“This world is but a canvas to our imagination.” – Henry David Thoreau
“Childhood means simplicity. Look at the world with the child’s eye – it is very beautiful.” – Kailash Satyarthi
It was a two-plow snow yesterday. As the snow softly and slowly fell into the night, the wind did its work to create beautiful sculptures. This is the kind of snow made for childhood fun. The fort-making type to be sure. It stops and detaches you from the complexities of the day to enter into the playground and gallery of nature.
Like it was last week, I remember the delight when a snow day was declared. We geared up in polyester snow suits, hats, mittens and moon boots to make our way out to create our own sculptures of snowmen and angels in the fresh frozen fluff. Skating for hours, sliding down dead man’s hill until dark.
A serious snow that keeps you in the house until they plow the streets and that you snow blow the driveway a few times to keep ahead of it. And, of course, right when you are done, the snowplow drives by and creates a two foot barrier of heavy thick snow that triggers the snow blower again.
Adrift for but a while to be transported back to the simplicity and delight of childhood. To that feeling that remains in us and need only be awakened with a beautiful deep snow. A place to return to often even without the snow.
Nature. Art. Play. Joy. Adrift.
“To pay attention, this is our endless and proper work.” – Mary Oliver
Advent, the season of waiting, of anticipation, of long moments leading up to promises fulfilled. Slow down this busy season and engage in the waiting, grow your depth of patience and attention. In the waiting, we hear our own voice. In the waiting, silence fills the void with answers to be heeded.
Nature knows how to wait, to rest, to furl, to follow, to lead, to flow with the seasons. Find pockets of quiet and solitude each day so the fullness of each moment can unfold as the noise subsides. And the most precious sacred gift of awe is opened.
“Nature is ever at work building and pulling down, creating and destroying, keeping everything whirling and flowing, allowing no rest but in rhythmical motion, chasing everything in endless song out of one beautiful form into another.” – John Muir
“I know what it is to be in need, and I know what it is to have plenty. I have learned the secret of being content in any and every situation, whether well fed or hungry, whether living in plenty or in want. I can do all this through him who gives me strength.” – Philippians 4:12-13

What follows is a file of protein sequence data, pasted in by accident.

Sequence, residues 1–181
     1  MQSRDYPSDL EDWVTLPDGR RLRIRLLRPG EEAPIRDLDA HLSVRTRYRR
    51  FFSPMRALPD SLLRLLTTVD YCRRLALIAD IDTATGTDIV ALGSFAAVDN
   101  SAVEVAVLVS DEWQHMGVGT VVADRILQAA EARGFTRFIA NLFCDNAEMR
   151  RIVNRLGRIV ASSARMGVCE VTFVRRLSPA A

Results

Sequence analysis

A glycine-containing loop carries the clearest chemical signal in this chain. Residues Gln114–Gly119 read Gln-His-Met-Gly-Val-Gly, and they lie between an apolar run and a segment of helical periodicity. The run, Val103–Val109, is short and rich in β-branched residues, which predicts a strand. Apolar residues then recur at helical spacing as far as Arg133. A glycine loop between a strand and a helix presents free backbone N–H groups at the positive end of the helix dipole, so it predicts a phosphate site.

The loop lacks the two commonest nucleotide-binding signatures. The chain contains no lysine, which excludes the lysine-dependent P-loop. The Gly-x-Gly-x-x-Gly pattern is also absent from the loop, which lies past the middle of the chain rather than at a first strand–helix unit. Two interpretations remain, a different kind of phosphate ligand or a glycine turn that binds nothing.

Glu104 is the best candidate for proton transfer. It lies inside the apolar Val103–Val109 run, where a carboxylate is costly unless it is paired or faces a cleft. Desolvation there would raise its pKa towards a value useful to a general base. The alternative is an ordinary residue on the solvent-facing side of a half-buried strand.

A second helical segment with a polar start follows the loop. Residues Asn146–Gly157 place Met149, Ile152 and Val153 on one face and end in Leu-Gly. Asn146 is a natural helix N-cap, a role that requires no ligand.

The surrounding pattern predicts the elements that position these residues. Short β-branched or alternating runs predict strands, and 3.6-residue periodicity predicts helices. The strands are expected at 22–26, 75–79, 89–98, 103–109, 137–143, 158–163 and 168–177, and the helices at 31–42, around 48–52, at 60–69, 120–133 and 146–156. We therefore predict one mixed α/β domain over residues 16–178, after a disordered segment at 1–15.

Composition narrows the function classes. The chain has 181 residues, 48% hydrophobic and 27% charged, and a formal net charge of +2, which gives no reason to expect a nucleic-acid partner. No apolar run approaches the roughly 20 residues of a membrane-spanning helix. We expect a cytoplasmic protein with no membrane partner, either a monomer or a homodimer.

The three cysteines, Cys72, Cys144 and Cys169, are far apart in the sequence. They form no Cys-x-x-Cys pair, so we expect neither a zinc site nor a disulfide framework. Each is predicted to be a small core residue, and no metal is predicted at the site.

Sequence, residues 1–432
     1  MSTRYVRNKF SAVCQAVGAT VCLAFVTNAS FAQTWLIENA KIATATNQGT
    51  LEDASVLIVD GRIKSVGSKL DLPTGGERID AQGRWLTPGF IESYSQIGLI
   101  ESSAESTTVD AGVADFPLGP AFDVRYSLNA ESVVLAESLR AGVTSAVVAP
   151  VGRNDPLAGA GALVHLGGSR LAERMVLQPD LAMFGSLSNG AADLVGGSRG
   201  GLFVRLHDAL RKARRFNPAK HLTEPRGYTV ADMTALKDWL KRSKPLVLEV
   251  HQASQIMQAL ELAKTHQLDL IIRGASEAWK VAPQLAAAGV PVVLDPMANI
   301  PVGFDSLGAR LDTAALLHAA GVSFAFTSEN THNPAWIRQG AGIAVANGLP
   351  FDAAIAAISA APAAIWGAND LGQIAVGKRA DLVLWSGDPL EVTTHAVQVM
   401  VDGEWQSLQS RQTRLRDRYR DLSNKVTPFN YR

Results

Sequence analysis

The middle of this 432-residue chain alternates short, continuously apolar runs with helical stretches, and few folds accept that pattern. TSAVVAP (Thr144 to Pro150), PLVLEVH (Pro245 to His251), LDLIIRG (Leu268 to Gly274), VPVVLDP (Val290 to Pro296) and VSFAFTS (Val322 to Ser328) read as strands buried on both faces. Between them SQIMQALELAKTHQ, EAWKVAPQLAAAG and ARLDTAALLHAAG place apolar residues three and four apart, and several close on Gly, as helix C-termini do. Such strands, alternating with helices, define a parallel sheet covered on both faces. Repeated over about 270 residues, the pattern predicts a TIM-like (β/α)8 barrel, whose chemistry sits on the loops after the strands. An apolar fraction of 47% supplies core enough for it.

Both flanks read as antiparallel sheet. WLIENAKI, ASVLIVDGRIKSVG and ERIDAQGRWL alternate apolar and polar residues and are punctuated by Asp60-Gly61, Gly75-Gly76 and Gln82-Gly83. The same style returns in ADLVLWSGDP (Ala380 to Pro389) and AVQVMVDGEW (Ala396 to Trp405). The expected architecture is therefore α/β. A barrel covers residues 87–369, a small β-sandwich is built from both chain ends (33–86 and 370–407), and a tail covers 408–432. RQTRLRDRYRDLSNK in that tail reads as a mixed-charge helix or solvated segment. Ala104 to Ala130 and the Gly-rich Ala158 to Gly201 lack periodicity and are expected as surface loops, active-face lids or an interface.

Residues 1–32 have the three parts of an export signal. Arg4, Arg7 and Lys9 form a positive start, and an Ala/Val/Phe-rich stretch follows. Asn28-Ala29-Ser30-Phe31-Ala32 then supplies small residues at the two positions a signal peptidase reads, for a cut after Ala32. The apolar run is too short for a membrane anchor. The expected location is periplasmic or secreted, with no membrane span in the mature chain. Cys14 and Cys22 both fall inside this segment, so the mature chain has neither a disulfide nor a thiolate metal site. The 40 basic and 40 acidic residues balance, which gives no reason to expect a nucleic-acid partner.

“And the day came when the risk to remain tight in a bud was more painful than the risk it took to blossom.” – Elizabeth Appell
Hope is the unbroken promise of what is to be in the passage of time, at the right time. Never, never, never give up hope for the best tomorrow. The fullness of time, trust and faith merge together to create our becoming. And in the waiting, in the building of patience, pursue joy beyond understanding and never give into despair. You are right where you are meant to be right now.
Our regrets will be centered on not enjoying moments in each day as they present themselves, even in difficult times. Full bloom comes with rain, sun and time. Full bloom, the fruition of hope. Choose hope and give permission to others to do the same.
“There was never a night or a problem that could defeat sunrise or hope.” – Bernard Williams
“Without reflection, we go blindly on our way, creating more unintended consequences, and failing to achieve anything useful.” – Margaret J. Wheatley
“What we plant in the soil of contemplation, we shall reap in the harvest of action” – Meister Eckhart
Sometimes doing nothing is everything. Time for reflection, no rushing, just being. We spend down our “back account” unaware until we are depleted. Withdraw after withdraw, going faster, winding up nowhere, running on empty.
Take it off autopilot and take back the wheel of your days. Start planting, making deposits each day so you can harvest a good life.
No planting, no harvest.
“For once you have tasted flight you will walk the earth with your eyes turned skywards, for there you have been and there you will long to return.” – Leonardo da Vinci
“What the caterpillar calls the end of the world the master calls a butterfly.” – R Richard Bach
I have been seeing more butterflies lately, or perhaps I am noticing them more as they awaken me to be present in the moment. God whispers through butterflies, through a soft breeze and in the brilliant colors of fragrant wild flowers. We need only be quiet to take notice and hear the roar of whispers that surround us, calling us deeper.